If true and a code reference, will be called with the symbolic link name and the directory it lives in as arguments. Otherwise, if true and warnings are on, warning "symbolic_link_name is a dangling symbolic link\n" will be issued. If false, the dangling symbolic link will be silently ignored.


Does not chdir() to each directory as it recurses. The wanted() function will need to be aware of this, of course. In this case, $_ will be the same as $File::Find::name.


If find is used in taint-mode (-T command line switch or if EUID != UID or if EGID != GID) then internally directory names have to be untainted before they can be chdir'ed to. Therefore they are checked against a regular expression untaint_pattern. Note that all names passed to the user's wanted() function are still tainted. If this option is used while not in taint-mode, untaint is a no-op.


See above. This should be set using the qr quoting operator. The default is set to qr|^([-+@\w./]+)$|. Note that the parantheses are vital.


If set, a directory which fails the untaint_pattern is skipped, including all its sub-directories. The default is to 'die' in such a case.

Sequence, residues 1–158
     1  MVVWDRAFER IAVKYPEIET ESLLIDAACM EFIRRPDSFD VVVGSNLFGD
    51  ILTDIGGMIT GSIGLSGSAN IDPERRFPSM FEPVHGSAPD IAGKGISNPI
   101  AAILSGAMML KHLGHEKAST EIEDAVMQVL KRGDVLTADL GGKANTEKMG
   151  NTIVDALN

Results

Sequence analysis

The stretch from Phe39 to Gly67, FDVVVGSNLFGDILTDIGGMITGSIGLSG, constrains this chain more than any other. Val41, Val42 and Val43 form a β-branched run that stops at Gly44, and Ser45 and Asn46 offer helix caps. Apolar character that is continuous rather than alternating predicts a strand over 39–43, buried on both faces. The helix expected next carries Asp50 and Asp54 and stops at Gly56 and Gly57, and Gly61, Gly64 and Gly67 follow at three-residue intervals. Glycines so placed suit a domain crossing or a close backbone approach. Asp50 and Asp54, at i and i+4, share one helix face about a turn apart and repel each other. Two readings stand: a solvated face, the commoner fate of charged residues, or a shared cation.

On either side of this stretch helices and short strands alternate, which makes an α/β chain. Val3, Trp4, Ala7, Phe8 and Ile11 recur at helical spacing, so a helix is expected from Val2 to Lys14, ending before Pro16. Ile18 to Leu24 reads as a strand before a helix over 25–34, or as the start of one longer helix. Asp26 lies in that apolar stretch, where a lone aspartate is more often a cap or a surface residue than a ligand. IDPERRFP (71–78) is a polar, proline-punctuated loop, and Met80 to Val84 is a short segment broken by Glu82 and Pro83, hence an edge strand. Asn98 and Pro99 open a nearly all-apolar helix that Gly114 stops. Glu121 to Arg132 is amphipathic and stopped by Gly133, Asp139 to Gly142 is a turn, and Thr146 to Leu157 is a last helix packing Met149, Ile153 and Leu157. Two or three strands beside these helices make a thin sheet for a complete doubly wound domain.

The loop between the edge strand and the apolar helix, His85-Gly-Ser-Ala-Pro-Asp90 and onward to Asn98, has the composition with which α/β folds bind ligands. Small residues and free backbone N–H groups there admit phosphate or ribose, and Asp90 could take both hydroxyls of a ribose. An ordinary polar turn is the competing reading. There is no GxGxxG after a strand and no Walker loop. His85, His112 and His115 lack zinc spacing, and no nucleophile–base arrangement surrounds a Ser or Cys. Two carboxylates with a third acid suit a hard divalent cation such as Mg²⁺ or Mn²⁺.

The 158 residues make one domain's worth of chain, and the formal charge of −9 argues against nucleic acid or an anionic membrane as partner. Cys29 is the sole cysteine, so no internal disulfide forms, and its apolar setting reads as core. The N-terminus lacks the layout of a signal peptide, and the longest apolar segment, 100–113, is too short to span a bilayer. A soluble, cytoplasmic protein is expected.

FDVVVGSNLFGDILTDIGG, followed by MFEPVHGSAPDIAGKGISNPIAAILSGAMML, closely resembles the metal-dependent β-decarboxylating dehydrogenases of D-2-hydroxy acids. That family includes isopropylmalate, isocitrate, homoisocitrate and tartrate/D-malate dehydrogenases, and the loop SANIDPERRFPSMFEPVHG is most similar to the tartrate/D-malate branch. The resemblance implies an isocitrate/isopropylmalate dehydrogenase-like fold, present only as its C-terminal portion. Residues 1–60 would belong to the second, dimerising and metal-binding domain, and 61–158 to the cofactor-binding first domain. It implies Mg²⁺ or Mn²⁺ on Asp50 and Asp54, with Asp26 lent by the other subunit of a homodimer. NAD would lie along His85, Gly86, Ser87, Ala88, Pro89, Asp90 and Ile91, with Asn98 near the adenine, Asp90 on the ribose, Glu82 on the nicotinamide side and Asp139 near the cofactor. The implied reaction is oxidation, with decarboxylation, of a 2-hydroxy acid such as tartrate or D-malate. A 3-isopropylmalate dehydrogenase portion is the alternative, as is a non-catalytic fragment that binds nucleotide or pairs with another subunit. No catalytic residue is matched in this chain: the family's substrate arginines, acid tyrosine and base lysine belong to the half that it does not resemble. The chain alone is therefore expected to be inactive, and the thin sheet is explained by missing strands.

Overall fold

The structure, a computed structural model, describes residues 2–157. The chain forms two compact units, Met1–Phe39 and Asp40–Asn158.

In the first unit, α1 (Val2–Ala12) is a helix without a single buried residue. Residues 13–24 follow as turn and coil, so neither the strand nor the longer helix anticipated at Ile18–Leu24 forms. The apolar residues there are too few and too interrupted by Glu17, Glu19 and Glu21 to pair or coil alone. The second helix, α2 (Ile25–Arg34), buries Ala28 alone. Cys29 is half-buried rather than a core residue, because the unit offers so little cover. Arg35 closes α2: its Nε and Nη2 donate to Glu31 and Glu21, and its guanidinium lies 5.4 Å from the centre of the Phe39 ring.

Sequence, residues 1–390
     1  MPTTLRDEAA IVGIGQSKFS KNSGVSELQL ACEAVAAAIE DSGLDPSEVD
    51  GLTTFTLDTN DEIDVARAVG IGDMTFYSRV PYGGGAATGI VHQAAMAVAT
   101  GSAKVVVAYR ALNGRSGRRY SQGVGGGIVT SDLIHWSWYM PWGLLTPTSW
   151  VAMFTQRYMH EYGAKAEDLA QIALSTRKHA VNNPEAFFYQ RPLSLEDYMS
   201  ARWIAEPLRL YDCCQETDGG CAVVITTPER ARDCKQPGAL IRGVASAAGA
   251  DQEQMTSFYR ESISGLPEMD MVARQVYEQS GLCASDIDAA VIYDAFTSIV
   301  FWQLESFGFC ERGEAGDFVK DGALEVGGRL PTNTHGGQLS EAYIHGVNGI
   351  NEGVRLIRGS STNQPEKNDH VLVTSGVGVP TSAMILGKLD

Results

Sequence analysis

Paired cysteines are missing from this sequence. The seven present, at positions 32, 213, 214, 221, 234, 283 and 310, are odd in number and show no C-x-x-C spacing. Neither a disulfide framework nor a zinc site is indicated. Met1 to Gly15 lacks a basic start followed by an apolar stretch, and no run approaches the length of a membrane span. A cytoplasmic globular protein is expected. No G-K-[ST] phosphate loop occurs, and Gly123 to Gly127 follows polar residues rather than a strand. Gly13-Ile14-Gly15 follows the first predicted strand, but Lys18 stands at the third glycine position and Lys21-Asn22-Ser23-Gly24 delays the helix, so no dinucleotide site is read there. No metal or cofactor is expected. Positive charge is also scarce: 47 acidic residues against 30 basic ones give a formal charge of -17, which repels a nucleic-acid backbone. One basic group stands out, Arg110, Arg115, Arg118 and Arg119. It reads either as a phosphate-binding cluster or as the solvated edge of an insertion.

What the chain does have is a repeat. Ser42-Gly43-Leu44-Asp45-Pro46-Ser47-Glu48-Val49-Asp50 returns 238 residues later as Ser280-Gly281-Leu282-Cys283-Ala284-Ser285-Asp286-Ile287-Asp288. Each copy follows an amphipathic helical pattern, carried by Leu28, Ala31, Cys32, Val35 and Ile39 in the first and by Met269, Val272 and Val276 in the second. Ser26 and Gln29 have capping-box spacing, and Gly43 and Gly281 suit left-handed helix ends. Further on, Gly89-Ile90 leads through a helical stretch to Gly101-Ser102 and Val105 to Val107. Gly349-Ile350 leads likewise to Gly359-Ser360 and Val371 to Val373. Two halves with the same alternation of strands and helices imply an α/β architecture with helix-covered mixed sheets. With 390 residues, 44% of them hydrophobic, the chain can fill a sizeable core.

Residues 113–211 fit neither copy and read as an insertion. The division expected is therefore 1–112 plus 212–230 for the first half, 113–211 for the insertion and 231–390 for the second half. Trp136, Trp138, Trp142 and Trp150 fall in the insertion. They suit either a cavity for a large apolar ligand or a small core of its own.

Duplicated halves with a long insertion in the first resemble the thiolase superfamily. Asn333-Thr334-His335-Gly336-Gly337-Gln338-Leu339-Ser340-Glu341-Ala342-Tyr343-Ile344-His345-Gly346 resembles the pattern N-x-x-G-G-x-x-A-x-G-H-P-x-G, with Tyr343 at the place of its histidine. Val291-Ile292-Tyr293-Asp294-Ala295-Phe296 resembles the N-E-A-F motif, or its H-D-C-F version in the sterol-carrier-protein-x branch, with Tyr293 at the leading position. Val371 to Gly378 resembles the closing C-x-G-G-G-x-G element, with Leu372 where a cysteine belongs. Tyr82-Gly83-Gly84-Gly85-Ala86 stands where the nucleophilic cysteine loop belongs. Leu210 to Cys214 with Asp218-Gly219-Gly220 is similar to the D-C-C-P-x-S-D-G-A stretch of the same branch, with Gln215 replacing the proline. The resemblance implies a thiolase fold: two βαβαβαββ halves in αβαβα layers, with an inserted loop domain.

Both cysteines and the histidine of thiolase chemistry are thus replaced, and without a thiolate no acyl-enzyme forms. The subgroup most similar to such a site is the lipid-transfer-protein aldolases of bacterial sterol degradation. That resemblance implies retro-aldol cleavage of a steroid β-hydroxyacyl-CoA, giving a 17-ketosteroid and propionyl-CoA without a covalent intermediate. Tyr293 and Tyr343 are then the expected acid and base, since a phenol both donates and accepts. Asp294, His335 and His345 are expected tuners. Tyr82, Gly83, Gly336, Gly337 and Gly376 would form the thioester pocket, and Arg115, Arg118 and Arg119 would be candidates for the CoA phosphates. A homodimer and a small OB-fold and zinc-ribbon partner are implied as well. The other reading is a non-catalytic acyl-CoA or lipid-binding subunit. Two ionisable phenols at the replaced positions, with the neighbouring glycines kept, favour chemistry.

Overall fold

The wanted() function does whatever verifications you want. $File::Find::dir contains the current directory name, and $_ the current filename within that directory. $File::Find::name contains the complete pathname to the file. You are chdir()'d to $File::Find::dir when the function is called, unless no_chdir was specified. When follow or follow_fast are in effect, there is also a $File::Find::fullname. The function may set $File::Find::prune to prune the tree unless bydepth was specified. Unless follow or follow_fast is specified, for compatibility reasons (, find2perl) there are in addition the following globals available: $File::Find::topdir, $File::Find::topdev, $File::Find::topino, $File::Find::topmode and $File::Find::topnlink.